I don’t accept that poverty is part of the human condition, nor that it will always be with us – which seems to be the mantra of certain political parties at the moment. While I celebrate the government’s commitment to maintain foreign aid for the good that it can inherently bring to those in need, particularly in the third world, I despair at our maintaining WMD in the form of Trident which will cost Β£100 Billion to replace, when that could be used to alleviate poverty in both the UK and abroad.

    Somehow the spirit of charity has been squeezed out of people’s hearts, although a specific event will lead to an outpouring of giving, it needs to be sustained in the longer, regular term for such charities as CAFOD and Christian Aid and Tearfund who desperately need support and are doing such valuable work with diminishing resources world wide.

  2. Like many, I too used to think of prayer as a means to an end, a way of asking for things in my life that I needed, or thought that I needed. Not all prayers were for material gain or good fortune, many prayers were for healing, and some were to ask for life while a loved one struggled through what was to be their last hours.

    In recent years my thoughts towards prayer have changed. I now see prayer for what it is, a time to be closer to God, rather than prayer being a request vehicle. When I look back over my life I find that my prayers have been answered, just not in the manner that I had originally petitioned. I’ve come to realise that God knows best, and that having trust in God is the foundation of prayer. If we go through the motions of prayer, without making a true connection with God, although not necessarily wasting our time, we lack the true essence of prayer and a meaningful relationship with God the Father, Son, and Holy Spirit.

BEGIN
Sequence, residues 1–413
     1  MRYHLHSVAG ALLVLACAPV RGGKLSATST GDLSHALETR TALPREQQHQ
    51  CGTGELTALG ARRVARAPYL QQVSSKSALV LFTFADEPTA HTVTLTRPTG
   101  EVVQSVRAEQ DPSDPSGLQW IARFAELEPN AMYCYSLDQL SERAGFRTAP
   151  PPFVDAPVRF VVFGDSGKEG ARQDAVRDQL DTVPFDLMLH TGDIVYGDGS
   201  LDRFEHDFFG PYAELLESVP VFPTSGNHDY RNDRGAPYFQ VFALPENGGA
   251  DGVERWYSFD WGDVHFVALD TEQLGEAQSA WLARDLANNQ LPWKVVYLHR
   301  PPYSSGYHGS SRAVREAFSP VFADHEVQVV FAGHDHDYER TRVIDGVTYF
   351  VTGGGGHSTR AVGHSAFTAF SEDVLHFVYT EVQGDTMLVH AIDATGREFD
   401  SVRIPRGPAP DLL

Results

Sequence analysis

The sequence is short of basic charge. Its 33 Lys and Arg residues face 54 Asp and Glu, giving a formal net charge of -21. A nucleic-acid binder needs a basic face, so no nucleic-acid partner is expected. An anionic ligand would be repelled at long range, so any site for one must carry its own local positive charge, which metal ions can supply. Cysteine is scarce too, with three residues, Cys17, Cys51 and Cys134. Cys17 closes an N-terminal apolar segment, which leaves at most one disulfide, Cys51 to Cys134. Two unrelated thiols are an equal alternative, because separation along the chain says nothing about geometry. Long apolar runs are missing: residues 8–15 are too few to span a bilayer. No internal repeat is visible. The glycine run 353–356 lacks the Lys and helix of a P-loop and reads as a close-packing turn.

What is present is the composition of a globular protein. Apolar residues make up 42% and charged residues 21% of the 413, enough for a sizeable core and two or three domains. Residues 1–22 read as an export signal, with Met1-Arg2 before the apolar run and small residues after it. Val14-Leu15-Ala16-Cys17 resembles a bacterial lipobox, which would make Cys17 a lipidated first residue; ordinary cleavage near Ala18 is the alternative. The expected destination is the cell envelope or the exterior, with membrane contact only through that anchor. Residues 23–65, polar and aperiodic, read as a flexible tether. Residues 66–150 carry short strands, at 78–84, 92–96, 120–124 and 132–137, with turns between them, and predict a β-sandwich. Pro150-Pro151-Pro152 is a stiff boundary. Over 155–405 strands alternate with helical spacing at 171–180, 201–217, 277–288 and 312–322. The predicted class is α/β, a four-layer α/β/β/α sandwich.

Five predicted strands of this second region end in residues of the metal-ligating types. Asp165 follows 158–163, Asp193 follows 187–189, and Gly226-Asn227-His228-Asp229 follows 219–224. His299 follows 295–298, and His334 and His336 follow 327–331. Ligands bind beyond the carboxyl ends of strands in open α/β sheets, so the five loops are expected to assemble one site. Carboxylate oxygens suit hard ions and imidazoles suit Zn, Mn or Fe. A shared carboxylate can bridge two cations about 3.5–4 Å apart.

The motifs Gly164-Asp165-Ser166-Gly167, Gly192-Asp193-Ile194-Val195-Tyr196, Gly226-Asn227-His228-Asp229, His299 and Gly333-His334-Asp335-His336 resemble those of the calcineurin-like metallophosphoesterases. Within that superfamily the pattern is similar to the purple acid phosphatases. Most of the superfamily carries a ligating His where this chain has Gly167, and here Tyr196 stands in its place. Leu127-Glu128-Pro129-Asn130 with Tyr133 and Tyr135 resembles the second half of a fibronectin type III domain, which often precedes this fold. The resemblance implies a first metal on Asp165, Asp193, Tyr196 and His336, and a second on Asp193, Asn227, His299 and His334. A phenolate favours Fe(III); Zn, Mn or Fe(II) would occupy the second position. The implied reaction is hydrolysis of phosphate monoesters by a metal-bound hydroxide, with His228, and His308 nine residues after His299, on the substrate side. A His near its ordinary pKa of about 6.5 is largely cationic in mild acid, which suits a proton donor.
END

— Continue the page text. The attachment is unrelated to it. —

Lent is a powerful period, a time to reevaluate who we really are, and to deepen our relationship with God.

    However despondent and hard done by that I may feel about myself, there are always others far less fortunate than me, and giving something of oneself to others especially during Lent is a powerful prayer indeed.

  3. I like the comment above- God knows Best. My prayers too have altered over the years, because I was only praying for what I thought was best for me. They were self centred prayers. Prayer should also be a way of giving to others – A form of alms giving.
    Proverbs 30 v 7-8 has helped my understanding in this area a great deal.
    ( Please excuse the dashes πŸ™‚ )

  4. We have been having this conversation about the “prosperity gospel” and the focus on prayer for selfish reasons. In the U.S., the mega church phenomenon has blown up larger than ever. In the past, televangelists held the sway but more recently it seems that brick and mortar institutions are focused only on the idea that if God loves us He allows us to do what ever we want and shows this love through prosperity.